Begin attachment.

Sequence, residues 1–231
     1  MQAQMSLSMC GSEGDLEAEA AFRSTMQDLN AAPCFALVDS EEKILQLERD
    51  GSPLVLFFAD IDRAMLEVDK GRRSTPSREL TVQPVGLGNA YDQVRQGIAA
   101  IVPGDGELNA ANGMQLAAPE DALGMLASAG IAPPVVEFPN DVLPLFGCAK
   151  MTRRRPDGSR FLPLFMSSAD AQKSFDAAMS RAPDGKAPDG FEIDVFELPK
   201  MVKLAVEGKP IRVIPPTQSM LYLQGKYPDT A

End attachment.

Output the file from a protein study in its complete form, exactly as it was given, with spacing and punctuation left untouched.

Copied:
Sequence, residues 1–231
     1  MQAQMSLSMC GSEGDLEAEA AFRSTMQDLN AAPCFALVDS EEKILQLERD
    51  GSPLVLFFAD IDRAMLEVDK GRRSTPSREL TVQPVGLGNA YDQVRQGIAA
   101  IVPGDGELNA ANGMQLAAPE DALGMLASAG IAPPVVEFPN DVLPLFGCAK
   151  MTRRRPDGSR FLPLFMSSAD AQKSFDAAMS RAPDGKAPDG FEIDVFELPK
   201  MVKLAVEGKP IRVIPPTQSM LYLQGKYPDT A